Hopefully, the snowboarders kill it, the shooter gets his shots, and the writer nails the story. It doesn't always turn out that way–myriad unforeseen snafus regularly foil the best-laid plans–but the goal is always the same, and the pressure to “get the shots” within that window of opportunity can be taxing. Sometimes you lose sight of the fact that you're at an incredible location, hanging and riding with some of the most talented snowboarders in the world (just trying to keep up with them, really).
So when a chance for a solo trip presents itself, I take it. When you're by yourself, you're more aware of what's going on around you. You watch and listen, strike up conversations with total strangers, and generally meet some amazing people and experience things that would've never happened had you been traveling en masse with a crew.
It's only logical. Imagine you're at the local pub when a loud group of out-of-towners stumbles in and takes over. Feel like going over and introducing yourself? How about showing them the untracked tree shots the next day? Didn't think so. On the other hand, one quiet, unassuming traveler is much more approachable, much easier to accept. Being alone opens doors.
One of those rare solo opportunities popped up last season. I was planning a trip to the Banff/Lake Louise area, up in the Canadian Rockies of Alberta. As it turned out, two of Snowboard Life's photographers–Mark Gallup and Dan Hudson–live in the area. It meant they had the luxury of shooting over the course of the entire winter and spring, whenever the weather was good and snow conditions were right; there was no pressure to get the shots in some seven- or ten-day window. It also freed me up to experience Banff on my own terms, at my own pace. To ride where I wanted, when I wanted. No photo pressure, no having to coordinate six different schedules, no collecting pro riders out of the drunk tank at four in the morning.
It was a great trip The resulting story, “Banff–A to Zed,” starts on page 58, if you're interested. The town of Banff, and the resorts surrounding it–Sunshine Village, Lake Louise, and Mount Norquay–should move to the top of your snowboarding wish list. And as usual, I came away with some special memories.
About halfway through my stay, I hooked up with Dan Hudson, who lives in nearby Canmore. He left his camera gear behind and showed me around the mountains he's called home for a decade. No photos, no pressure, just freeriding.
After lunch one day at Sunshine, he stated that I was ready for Delirium Dive, a series of lines so gnarly that transceivers and rescue shovels are required even though it's inbounds. The illustrator's rendition of “The Dive” on the trail map didn't instill much confidence in me, nor did scoping it from below. But I'd been riding with Dan for a couple of days, and he hadn't steered me wrong yet. An accomplished rider with serious backcountry credentials, Dan had proved a calm, cautious, and capable guide. I trusted him. So we put on the Pieps and packs he'd stashed in a locker and headed up to Delirium Dive.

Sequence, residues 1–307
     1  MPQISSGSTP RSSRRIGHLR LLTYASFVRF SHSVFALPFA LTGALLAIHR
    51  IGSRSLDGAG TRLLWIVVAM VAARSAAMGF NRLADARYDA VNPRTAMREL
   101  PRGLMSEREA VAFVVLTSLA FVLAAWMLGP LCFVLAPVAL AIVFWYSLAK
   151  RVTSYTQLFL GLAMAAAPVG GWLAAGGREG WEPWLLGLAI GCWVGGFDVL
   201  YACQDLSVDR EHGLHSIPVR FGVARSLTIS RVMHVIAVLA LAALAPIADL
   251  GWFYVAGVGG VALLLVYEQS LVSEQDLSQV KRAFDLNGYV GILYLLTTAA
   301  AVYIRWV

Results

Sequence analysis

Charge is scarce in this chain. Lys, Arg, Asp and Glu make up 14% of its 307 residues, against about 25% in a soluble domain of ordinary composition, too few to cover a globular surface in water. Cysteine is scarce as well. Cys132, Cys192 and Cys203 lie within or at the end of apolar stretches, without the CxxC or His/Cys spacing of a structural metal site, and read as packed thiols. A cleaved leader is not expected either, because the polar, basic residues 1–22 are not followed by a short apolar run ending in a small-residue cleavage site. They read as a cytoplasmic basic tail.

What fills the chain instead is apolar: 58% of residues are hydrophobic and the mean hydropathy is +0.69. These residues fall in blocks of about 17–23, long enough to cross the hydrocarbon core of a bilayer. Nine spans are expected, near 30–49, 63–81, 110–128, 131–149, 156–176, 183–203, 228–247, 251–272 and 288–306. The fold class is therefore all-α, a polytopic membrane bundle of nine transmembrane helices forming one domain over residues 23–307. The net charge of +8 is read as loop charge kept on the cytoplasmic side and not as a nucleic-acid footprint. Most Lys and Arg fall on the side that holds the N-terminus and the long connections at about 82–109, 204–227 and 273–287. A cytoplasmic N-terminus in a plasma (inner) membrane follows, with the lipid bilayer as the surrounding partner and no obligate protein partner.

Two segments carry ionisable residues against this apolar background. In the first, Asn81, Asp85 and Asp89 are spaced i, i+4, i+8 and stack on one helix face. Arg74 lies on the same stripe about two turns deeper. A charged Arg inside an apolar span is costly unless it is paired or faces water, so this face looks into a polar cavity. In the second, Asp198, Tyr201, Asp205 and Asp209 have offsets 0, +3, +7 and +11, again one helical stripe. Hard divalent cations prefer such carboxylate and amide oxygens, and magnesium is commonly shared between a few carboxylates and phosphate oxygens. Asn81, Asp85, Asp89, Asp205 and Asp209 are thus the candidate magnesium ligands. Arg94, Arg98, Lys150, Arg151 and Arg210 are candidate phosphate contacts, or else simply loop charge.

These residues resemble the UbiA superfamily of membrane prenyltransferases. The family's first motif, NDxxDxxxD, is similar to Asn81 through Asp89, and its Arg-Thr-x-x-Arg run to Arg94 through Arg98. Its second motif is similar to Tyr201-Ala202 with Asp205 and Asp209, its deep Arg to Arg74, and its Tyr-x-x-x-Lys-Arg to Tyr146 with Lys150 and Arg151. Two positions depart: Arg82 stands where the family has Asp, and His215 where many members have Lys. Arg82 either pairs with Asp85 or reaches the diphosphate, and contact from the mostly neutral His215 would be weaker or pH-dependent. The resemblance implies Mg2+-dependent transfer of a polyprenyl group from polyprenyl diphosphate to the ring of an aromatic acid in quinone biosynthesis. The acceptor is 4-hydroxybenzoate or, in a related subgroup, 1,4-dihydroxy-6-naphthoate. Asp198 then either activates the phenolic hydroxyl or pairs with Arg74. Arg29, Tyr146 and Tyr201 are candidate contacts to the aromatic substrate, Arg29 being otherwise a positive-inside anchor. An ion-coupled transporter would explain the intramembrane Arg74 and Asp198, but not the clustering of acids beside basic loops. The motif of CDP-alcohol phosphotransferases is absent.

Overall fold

The Canadian Parks Service closed Delirium Dive in 1981, primarily because of the cost to avalanche control it. But in 1999, Sunshine Village won the right to control the Dive itself, gaining the opportunity to open it when conditions permitted. It's a huge bowl featuring a consistent 40-degree face–approaching 50 degrees in some spots–lined with sketchy chutes, rock drops, and outright cliffs. It's the site of Sunshine's extreme competition, if that tells you anything. Dan promised to lead me down the “easy” way.
From the top of the Continental Divide quad chair, you pass through a gate that's triggered open by the signal transmitted from the avalanche beacon you're wearing. From there, it's a short hike to the summit of Lookout Mountain, where a stairway leads you down a small cliffband, depositing you on the narrow ridge that runs along the top of Delirium Dive.
I was so scared as we stepped off the last stair and onto the ridge that my legs wouldn't work. I froze up. Dan took my board from me, which freed up my hands so I could essentially crawl along the ridge to boarder's right. Dan seemed to know all the skiers and snowboarders who were accessing the lines scattered along the ridge, and as they scrambled into position on some of the hairier shots, we continued along the ridge until finally Dan announced we'd arrived.
We sat on a snow-covered notch that rolled out into space. From the top, I couldn't see the run I'd be taking. Dan tried his best to calm me down as we rested for a few minutes, describing the line and offering pointers. I relaxed a bit as we strapped in–somehow being attached to a board felt more natural than crawling on my hands and knees.
Finally, Dan dropped down and out of view. I knew he'd made just a couple of turns and was waiting for me to follow, but I couldn't see him. Once I eased onto my toeside and committed, all anxiety was gone. I made the steepest, most critical turns of my life, freefalling in between them as slough raced past me. It felt incredible.
Further down, the bowl mellowed out and opened up. We ripped huge, laid-out powder turns to the bottom. Thoroughly exhilarated, I glowed with satisfaction as we hiked back out to the lifts. Because we didn't have to please an entire group, and without the pressure of “getting the shots,” I was able to experience the highlight of my snowboarding career. It would've never happened if I hadn't felt so at ease. But as grateful as I am for the opportunity traveling solo afforded me, this was one time I'm glad I wasn't alone.